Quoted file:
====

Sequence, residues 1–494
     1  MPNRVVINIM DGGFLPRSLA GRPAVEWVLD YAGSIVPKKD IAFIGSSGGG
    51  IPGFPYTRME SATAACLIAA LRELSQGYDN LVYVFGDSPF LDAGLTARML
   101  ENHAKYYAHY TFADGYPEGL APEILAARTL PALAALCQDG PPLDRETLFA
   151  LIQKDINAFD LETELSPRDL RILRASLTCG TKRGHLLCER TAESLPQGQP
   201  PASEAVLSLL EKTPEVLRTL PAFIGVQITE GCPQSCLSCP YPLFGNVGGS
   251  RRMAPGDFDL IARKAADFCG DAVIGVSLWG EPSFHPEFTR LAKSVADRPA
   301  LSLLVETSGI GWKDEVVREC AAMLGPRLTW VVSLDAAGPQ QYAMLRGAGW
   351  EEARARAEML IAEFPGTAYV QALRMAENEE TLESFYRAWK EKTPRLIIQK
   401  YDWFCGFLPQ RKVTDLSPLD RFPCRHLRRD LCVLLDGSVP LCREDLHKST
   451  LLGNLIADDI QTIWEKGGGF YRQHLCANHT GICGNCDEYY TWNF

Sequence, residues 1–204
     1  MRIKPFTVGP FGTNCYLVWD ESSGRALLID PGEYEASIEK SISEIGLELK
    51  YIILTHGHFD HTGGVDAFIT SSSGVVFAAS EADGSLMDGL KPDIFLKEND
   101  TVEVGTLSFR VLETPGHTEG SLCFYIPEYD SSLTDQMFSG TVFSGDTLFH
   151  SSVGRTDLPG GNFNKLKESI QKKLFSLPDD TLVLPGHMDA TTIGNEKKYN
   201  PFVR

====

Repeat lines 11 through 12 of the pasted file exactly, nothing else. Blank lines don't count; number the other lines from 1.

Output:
   451  LLGNLIADDI QTIWEKGGGF YRQHLCANHT GICGNCDEYY TWNF

Sequence, residues 1–204